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15 items from 2004


Vine swings in, takes 'Charge'

20 December 2004 | The Hollywood Reporter | See recent The Hollywood Reporter news »

Amanda Brooks and Patricia Rae will star in Taking Charge, a feature that is intended as the first of a slate of projects from newly formed Vine Entertainment. Vine founder and CEO Gino Cabanas plans to use private capital to produce a series of low-budget features in various genres. "The Vine intends to challenge many of Hollywood's preconceived notions about indie outfits," Cabanas said. "The strength of our financing places us in a strong position to nurture the careers of talented writers, producers and directors as well as shepherd their projects from start to finish." Charge is scheduled to shoot next month in Arizona under the direction of Dick Fisher, who was the cinematographer, editor and one of the producers of The Brothers McMullen. The drama is described as a cautionary tale of a spoiled girl who takes matters into her own hands after she is cut off by her billionaire father. Brooks plays the girl, while Rae plays a paramedic. Brooks, repped by Paradigm, is filming the Walt Disney Co.'s Jodie Foster starrer Flightplan. Rae is repped by Brady, Brennan and Rich. »

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A Very Long Engagement

20 December 2004 | The Hollywood Reporter | See recent The Hollywood Reporter news »

PARIS -- The pitch for A Very Long Engagement, Jean-Pierre Jeunet's long-awaited follow-up to Amelie triumph, could hardly be simpler: Amelie meets Stanley Kubrick's Paths of Glory.

In the inferno of the Great War of 1914-1918, five French soldiers, convicted of self-mutilation, are sent to the front, where they are thrown into no-man's-land and almost certain death. One of them is Manech, a 19-year-old fiance and childhood sweetheart of Mathilde, played by Amelie star Audrey Tautou, a Breton country girl who has been crippled by polio.

All five are reported dead or missing in action. After the close of hostilities, Mathilde, acting on a hunch, sets off on a quest to find out what happened to Manech, refusing to believe he is dead.

Based on a novel by Sebastien Japrisot, "Un long dimanche de fiancailles," as it is called in France, sold more than 1.6 million tickets in its first week of exhibition, underlining audience anticipation surrounding Jeunet's re-teaming with Tautou. With a U.S. rollout planned for this month and an aggressive Oscar campaign already under way, Warner Bros. Pictures, which bankrolled the $57 million picture and has world rights, is clearly confident of a good return on its investment.

Tautou's presence alone will ensure decent international boxoffice. This may be further boosted by a brief appearance in a supporting role by Jodie Foster, who slots in seamlessly to this French-speaking movie as a soldier's wife.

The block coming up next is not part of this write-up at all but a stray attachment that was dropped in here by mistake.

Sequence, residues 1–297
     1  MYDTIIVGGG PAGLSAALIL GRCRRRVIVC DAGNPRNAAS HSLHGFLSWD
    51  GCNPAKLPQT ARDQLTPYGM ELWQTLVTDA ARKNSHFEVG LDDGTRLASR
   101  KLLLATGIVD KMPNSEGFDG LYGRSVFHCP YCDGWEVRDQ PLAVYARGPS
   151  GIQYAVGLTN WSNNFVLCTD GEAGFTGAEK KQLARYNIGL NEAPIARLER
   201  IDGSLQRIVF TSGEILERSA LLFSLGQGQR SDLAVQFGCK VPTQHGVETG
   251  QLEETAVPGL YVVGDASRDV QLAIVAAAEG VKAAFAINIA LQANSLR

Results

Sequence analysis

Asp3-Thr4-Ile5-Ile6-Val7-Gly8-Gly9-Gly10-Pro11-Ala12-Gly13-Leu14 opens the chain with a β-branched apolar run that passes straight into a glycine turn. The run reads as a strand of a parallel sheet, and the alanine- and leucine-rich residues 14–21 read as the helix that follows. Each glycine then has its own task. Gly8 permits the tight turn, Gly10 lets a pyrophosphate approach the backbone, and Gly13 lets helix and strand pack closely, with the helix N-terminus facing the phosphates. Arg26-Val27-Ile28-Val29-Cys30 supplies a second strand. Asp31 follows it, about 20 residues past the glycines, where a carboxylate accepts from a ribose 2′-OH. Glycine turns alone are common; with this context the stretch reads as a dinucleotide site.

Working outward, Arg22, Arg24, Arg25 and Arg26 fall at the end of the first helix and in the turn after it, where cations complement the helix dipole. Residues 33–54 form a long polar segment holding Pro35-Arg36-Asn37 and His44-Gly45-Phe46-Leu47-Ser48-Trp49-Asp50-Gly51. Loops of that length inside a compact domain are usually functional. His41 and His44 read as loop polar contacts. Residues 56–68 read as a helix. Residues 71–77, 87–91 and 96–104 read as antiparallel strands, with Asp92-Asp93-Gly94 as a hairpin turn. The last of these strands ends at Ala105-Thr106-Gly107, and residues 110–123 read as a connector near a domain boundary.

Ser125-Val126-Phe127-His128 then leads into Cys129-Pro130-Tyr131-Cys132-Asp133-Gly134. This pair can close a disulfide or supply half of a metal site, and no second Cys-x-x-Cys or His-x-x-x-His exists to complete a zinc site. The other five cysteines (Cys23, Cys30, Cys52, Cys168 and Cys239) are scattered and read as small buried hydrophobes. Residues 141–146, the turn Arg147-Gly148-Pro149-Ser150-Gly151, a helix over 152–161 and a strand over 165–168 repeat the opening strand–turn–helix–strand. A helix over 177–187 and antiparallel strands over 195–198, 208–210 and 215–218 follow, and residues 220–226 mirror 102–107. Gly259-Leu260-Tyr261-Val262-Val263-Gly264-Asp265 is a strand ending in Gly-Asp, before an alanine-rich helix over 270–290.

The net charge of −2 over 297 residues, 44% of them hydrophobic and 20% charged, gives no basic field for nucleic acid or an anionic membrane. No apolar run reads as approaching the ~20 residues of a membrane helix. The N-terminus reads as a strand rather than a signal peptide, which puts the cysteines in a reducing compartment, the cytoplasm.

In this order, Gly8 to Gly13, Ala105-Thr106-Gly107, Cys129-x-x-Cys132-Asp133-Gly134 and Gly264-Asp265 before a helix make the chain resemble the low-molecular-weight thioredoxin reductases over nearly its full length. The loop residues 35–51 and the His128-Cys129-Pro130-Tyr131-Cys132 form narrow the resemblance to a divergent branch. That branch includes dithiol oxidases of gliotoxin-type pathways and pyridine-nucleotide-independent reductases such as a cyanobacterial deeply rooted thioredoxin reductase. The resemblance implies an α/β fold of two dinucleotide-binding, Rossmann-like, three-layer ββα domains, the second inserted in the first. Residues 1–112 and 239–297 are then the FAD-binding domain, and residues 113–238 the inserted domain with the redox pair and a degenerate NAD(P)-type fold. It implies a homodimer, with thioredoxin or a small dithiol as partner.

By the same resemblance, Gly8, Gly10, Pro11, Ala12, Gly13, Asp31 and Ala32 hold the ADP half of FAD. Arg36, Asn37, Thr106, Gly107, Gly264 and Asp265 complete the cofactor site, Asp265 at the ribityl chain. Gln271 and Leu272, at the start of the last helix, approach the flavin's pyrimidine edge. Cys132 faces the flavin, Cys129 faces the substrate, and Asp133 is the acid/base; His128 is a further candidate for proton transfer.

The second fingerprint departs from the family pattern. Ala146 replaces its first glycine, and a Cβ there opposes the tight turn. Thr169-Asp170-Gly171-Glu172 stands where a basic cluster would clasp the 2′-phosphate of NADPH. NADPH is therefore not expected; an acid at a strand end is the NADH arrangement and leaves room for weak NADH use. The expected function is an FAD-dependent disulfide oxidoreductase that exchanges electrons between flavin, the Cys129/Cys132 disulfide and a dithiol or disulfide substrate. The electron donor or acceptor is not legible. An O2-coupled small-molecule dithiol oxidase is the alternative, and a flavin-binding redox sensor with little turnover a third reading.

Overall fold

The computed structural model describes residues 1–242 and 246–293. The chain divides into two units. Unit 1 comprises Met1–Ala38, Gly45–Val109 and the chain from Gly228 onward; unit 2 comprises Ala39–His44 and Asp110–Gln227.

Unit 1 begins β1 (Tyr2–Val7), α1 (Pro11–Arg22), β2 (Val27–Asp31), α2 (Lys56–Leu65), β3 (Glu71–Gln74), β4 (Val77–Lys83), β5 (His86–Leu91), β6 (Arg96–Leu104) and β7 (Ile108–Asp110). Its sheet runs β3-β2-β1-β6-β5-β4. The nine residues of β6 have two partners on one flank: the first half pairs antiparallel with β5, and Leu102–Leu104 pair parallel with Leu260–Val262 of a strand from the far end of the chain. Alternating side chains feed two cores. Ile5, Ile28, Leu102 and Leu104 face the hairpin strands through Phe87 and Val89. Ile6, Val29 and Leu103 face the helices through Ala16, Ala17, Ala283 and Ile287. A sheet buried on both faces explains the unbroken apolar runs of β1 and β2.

Long Dimanche is an altogether more ambitious film than Jeunet's previous effort, with elements of lush romance set against the gritty realism of trench warfare that has rarely been portrayed more starkly. The action alternates between war scenes, related in flashback by survivors whom Mathilde encounters during her investigations, and a postwar epoch bathed in the golden sunlight of rural France.

The hell of the trenches, with their endless gray skies, rain, mud and rats, is graphically represented, counterpointing the paradise of Mathilde's country idyll. The director's picture-postcard view of peacetime France is no less stylized than his portrayal of Amelie's Montmartre. The extensive use of special effects provides some virtuoso reconstruction of Paris landmarks of the day.

Jeunet indulges many of his familiar mannerisms, notably the sepia images, collages, semi-grotesque "colorful" characters and heavy reliance on voice-over narration, often followed up by a three-second scene portraying the action we have just heard described.

Here, however, he is aiming at weightier issues. So one can question whether Jeunet's stock-in-trade cuteness really mixes with the tragic. What's more, whatever her many virtues, Tautou is not cut out for tragedy. The profusion of secondary characters in what is an undoubtedly complex story -- at least for those unfamiliar with the novel -- prevents the spectator from fully engaging with Mathilde's plight and the intended lyricism of the love story fails to move.

But the quest format keeps the story moving briskly, and Jeunet provides numerous pleasures, particularly visual, along the way. Among the set pieces is a spectacular explosion in a makeshift military hospital where beds have been installed in a hangar that also houses a gas-filled dirigible.

A VERY LONG ENGAGEMENT

A 2003 Prods. and Warner Bros. Pictures presenta Warner Bros. France/Tapioca Films/TF1 Films Production co-production

Credits:

Director: Jean-Pierre Jeunet

Writers: Jean-Pierre Jeunet, Guillaume Laurant

Based on the novel by: Sebastien Japrisot

Producer: Francis Boespflug

Executive producer: Jean-Lou Monthieux

Director of photography: Bruno Delbonnel

Production designer

Aine Bonetto

Music: Angleo Badalamenti

Costumes: Madeline Fontaine

Editor: Herve Schneid

Cast: